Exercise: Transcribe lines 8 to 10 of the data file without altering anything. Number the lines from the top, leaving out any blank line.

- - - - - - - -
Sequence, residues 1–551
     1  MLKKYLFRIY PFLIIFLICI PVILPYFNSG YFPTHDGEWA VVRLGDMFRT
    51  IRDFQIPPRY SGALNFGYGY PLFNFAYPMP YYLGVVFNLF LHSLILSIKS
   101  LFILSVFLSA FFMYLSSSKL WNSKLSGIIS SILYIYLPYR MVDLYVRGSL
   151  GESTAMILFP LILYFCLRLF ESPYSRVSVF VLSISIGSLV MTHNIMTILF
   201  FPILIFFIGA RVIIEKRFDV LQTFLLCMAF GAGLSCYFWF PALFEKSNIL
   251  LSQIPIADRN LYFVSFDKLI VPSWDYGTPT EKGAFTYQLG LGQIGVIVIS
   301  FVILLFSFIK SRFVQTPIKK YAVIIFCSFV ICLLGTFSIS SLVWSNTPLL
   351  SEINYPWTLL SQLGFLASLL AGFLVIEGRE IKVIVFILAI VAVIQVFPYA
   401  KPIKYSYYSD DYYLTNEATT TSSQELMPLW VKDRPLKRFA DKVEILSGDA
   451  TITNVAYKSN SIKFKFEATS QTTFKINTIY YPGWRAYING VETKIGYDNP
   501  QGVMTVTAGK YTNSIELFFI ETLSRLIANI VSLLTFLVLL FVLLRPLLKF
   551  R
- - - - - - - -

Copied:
   301  FVILLFSFIK SRFVQTPIKK YAVIIFCSFV ICLLGTFSIS SLVWSNTPLL
   351  SEINYPWTLL SQLGFLASLL AGFLVIEGRE IKVIVFILAI VAVIQVFPYA
   401  KPIKYSYYSD DYYLTNEATT TSSQELMPLW VKDRPLKRFA DKVEILSGDA